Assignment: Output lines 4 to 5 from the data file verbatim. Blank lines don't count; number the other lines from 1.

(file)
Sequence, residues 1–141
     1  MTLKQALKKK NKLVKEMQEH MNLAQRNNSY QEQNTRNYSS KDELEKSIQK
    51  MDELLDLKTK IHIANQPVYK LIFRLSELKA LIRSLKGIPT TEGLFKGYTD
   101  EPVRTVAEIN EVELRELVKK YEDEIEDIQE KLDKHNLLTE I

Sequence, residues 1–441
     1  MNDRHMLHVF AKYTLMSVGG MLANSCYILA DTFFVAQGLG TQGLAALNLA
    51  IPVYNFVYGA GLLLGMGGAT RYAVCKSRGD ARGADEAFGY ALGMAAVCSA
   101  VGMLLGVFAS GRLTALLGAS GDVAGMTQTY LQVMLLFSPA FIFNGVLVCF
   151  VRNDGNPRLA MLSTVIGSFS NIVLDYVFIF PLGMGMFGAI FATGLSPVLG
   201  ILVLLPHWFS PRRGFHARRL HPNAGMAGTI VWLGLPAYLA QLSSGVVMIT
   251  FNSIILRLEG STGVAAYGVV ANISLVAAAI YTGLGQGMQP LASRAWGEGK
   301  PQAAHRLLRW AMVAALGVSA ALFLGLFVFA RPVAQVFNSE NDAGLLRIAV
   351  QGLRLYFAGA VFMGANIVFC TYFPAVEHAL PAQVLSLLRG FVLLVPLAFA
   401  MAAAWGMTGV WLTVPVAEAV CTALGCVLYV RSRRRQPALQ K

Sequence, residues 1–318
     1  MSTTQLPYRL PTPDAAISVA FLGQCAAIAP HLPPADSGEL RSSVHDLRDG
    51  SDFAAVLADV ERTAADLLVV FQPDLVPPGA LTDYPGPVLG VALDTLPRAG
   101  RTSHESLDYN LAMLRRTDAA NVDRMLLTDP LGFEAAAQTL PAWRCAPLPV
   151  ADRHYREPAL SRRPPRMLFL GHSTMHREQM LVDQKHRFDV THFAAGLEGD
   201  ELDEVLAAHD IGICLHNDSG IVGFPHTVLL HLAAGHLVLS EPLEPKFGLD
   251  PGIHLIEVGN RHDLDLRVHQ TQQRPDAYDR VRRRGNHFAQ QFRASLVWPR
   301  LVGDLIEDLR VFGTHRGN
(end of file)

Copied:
   101  EPVRTVAEIN EVELRELVKK YEDEIEDIQE KLDKHNLLTE I

Sequence, residues 1–441